An Angler's Guide to Black Drum
A Florida fishing expert shares his tips and tools for catching black drum.
A versatile cousin to the red drum, black drum are caught inshore in bays and lagoons and offshore in Florida waters along the coastline. It is common for these fish to take both live and dead bait, making them popular with all types of anglers, including fly fishermen. Common foods include oysters, crabs, shrimp and small bait fish.
Fishermen with patience and skill often catch black drum on jigs, though this can be slightly more challenging.
The Florida record is a 96-pound black drum. They tend to get large in northeast Florida, but it is more common to catch them in the 30- to 50-pound range. Smaller black drum are known as "puppy drum" and average about five to 10 pounds. Like their cousin the red drum, black drum are edible, though their flesh becomes coarse and less enjoyable after they reach lengths of more than 30 inches.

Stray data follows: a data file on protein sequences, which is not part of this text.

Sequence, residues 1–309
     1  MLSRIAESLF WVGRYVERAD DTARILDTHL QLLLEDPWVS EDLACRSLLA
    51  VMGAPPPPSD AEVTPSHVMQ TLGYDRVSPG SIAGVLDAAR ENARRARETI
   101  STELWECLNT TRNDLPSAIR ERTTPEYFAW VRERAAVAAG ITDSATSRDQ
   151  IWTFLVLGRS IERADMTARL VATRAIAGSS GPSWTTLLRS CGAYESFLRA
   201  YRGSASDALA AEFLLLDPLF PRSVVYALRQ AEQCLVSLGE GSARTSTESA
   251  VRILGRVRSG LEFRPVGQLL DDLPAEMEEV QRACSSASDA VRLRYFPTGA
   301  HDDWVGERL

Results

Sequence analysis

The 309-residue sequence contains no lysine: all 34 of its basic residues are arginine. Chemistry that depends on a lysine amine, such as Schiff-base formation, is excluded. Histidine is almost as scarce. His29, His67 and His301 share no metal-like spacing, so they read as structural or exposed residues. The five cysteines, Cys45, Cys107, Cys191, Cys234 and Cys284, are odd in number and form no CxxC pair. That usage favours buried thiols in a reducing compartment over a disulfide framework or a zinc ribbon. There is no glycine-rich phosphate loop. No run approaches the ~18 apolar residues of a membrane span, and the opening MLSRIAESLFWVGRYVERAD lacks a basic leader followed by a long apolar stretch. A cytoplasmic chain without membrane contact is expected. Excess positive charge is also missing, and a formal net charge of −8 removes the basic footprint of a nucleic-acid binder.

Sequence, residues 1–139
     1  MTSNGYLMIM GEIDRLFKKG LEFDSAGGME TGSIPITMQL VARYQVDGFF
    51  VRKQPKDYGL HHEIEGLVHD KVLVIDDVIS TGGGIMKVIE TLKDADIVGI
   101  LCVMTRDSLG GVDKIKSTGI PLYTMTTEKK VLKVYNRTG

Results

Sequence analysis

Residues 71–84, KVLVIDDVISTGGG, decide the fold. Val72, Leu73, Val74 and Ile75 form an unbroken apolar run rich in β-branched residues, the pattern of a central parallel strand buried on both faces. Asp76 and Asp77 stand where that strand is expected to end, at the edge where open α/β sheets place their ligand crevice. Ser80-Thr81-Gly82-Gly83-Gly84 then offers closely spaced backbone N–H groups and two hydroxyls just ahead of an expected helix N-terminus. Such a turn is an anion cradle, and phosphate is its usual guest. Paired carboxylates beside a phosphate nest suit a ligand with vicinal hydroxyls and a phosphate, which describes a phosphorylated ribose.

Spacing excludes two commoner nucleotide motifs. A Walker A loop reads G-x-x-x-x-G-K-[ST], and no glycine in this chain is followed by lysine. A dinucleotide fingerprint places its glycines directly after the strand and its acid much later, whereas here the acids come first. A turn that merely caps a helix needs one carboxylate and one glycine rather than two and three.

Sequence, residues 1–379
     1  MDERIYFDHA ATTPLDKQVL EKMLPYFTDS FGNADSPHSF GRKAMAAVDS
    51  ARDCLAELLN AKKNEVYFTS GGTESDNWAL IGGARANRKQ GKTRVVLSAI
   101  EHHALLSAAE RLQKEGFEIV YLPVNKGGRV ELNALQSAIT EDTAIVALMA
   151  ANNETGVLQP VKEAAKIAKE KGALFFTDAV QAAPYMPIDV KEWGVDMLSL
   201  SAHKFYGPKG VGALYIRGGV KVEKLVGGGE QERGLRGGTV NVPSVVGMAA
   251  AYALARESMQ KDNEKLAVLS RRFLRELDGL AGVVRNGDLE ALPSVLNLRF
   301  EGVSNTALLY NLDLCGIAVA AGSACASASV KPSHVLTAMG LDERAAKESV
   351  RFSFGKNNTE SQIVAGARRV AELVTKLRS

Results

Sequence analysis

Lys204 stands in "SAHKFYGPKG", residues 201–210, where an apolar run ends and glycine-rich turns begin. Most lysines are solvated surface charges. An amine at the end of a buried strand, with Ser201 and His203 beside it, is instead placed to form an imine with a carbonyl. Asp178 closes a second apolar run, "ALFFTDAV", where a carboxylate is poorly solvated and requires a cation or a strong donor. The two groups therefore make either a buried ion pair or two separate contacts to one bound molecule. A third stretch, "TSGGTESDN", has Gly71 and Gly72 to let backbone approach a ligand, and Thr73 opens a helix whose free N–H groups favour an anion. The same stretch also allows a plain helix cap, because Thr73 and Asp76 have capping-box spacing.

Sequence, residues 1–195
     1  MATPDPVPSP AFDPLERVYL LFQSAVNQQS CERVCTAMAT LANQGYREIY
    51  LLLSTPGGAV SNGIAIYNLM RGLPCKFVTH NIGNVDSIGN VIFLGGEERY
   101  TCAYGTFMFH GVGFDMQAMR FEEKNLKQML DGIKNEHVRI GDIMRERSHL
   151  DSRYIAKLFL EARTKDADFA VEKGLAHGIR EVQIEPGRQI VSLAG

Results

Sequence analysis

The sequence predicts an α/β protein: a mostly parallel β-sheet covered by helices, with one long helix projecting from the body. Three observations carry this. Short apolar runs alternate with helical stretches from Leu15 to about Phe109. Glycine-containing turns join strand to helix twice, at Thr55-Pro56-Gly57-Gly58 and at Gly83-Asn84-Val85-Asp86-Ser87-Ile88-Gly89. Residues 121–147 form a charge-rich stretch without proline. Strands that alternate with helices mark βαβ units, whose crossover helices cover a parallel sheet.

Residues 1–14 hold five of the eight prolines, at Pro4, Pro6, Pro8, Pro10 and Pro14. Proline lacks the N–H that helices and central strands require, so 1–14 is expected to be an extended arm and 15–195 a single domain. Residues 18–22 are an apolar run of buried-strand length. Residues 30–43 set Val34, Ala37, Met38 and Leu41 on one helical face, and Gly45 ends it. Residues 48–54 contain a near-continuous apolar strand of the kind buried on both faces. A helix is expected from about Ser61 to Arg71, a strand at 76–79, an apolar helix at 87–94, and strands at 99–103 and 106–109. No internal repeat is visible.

Some fishermen claim black drum are mildly lazy fish, which is why they will feed on dead bait more readily than their red drum cousins.
In terms of fight, black drum are strong and solid, but not as fast or as determined as some other fish. Their taste for oysters often finds them near oyster beds and other flats areas, but they are frequently found offshore as well. They are often confused with red drum because of their tendency to bottom feed. Their more translucent tails should tip off careful observers. Black drum are easily identified from red drum by their chin barbells; red drum do not have these.
Popular and enduring, black drum are like so many other Florida fish species: cherished, protected, sought after and appreciated.